Getting my first Mac was one of the most exciting and personally profound changes I had made in my computing experience. Back in October 2006, I got a MacBook Pro, and it changed my life. No longer did I have to fight with viruses to the same degree and OS X, now finally running on Intel, opened up the possibilities of Boot Camp and installing Windows on a partition, or running multiple operating systems on it through a technology called virtualization. So, I could still use Windows if I needed to, but I had the added bonus of a host system that I could trust.
An early problem I had was that I still needed to use some Windows-based apps for work. To solve this, now that Apple had switched to Intel, I started looking into virtualization, and I found a few players on the market. One of them I found to be slow on my MacBook Pro, and while it generally worked, it was pretty buggy and crashed often when I was in the middle of something. Sometime early in 2007, I came upon a beta invitation for a pre-release version of this feature called Fusion, from a software company called VMware. I had used VMware Workstation for Windows and that already worked well, so I signed up and tried out VMware Fusion. I haven't looked back since.
While Version 5.0 was a far cry from today's Fusion, it was still impressive to have a tool that just worked and allowed me to run Windows and Linux on my new MacBook Pro. With the success of this technology, it no longer matters what platform or operating system we have; now we can choose the tools we need for a particular task from platforms other than the ones that run the computer that you're typing on, and that's because we can put those operating systems in virtual containers and run many of them at the same time.
The amazing thing about Fusion is that it inherits the amazing talent from the virtualization leader, that is, VMware. VMware's ESXi hypervisor plus the management software, bundled as vSphere, as of this writing powers 98 percent of Fortune 500 enterprises' data centers (491 of 500, according to the corporate overview page on www.vmware.com). Businesses rely on this technology to run their entire operations 24/7, saving them tons of money not having to keep buying new hardware every time they need a server. They just spin up a virtual machine instead.
Fusion gets to inherit this enterprise-grade technology, bringing us the most stable and well-performing virtual platform on a Mac to date.
VMware Fusion has come a long way since the first few betas, with amazing features that I now can't live without.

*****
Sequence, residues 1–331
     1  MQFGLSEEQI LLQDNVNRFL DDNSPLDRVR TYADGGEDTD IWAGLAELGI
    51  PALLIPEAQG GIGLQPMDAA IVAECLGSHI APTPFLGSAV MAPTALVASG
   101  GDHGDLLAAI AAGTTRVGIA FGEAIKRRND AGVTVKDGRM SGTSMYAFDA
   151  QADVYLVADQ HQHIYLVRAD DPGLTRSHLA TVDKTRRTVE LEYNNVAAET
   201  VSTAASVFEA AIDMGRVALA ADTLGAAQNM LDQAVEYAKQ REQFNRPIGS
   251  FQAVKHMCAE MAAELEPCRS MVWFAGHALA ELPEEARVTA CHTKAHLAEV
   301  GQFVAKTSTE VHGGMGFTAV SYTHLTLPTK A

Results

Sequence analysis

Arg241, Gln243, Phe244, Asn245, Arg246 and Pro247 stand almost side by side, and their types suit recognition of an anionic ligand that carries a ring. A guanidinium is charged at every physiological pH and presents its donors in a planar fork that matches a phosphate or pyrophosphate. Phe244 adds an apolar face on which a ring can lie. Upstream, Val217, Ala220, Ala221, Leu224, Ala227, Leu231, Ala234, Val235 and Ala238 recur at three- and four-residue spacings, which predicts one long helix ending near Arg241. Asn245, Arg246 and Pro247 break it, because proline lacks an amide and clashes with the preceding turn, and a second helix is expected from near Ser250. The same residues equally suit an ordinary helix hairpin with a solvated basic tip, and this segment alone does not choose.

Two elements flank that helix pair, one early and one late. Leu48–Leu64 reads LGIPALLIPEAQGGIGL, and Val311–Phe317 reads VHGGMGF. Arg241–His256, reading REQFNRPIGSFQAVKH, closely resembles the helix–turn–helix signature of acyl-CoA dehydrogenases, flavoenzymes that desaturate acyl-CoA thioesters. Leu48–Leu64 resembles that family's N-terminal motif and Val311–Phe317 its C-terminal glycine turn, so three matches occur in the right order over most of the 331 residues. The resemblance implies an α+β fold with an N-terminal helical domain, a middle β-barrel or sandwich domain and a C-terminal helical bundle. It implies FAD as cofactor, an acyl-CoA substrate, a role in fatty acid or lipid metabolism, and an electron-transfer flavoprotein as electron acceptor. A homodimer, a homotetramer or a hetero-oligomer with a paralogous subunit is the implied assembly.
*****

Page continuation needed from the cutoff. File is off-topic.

In Version 5.0, we got to see some really great improvements, such as the following:
Windows 8, Server 2012 support
OS X Mountain Lion support, which includes AirPlay, Notification Center, and performance improvements with SSDs
ESXi 5 support, which is great for testing VMware vSphere when combined with OVF file support
Huge graphics performance improvements, such as the brand new OpenGL Linux graphics driver!
User interface updates, which includes:
A new installer, making upgrades easier
An a-glance view of how much disk space your VMs are consuming
Built-in help via the Fusion Learning Center with videos
The Take Snapshot button can be put on the VM Toolbar, which is handy for quick snaps
Folders in the Library; great for those of us with many VMs
Fusion Professional edition, which includes:
A custom network editor (finally!)
Large-scale enterprise deployment tools
Support for the OVF format for compatibility with VMware vSphere and VMware Workstation
The ability to create "restricted" virtual machines
In September 2013, VMware released VMware Fusion 6, and it further improved upon Version 5 that came before it.
The new version now supports the following:
Mac OS X Mavericks, both as a Host OS and a VM (guest OS)
Windows 8.1 support
Retina Display support and better performance in every category
With Version 6, VMware Fusion is better than ever.
Fusion Professional, first introduced in Version 5, continues to be improved in Version 6. Fusion Professional is ideal for advanced users or in corporate environments because it allows for more security and prescriptive access to virtual machines than before. Admins can centrally manage and set time limits, disable access to USB devices, and enable guest disk encryption and passwords to prevent virtual machines from being changed.
There is also an advanced network editor so you can create complex multi-VM "virtual" networks, and it also supports "linked clones" for making a copy of a virtual machine that shares virtual disks with the parent virtual machine. Linked clones conserve disk space and allow multiple virtual machines to use the same basic software installation.
You can learn more about Fusion and Fusion Professional from the following links:
Unfortunately, Windows 8 and 8.1 are not easily available as non-upgrade
.iso files. To use the tools provided by Microsoft, you actually need Windows to begin with. It's easy enough if you have bought a retail disk, but if not, you'll have to use Windows to create a bootable
.iso file of Windows 8 anyway. In almost all cases, Microsoft expects you to already have Windows to go to Windows 8 or 8.1.
Further, more because not every application might be ready for Windows 8, to get the best of both worlds, what we'll do instead is essentially install both in such a way that we can switch between the two at will.
We'll do this by installing Windows 7 from the download of a clean-install ISO, taking a snapshot (or a linked clone if you're using Fusion Professional) and then upgrading it to Windows 8. You can even take another snapshot after Windows 8 has finished installing, upgrade to Windows 8.1, and have another point in time to go back to, or just go to Windows 8.1 without a second snapshot. The choice is yours, and it really depends on your needs.
If you have Fusion Professional, again, you can use the new linked clone feature instead of snapshots to conserve disk space.
To install Windows 8 in VMware Fusion, you'll need the following: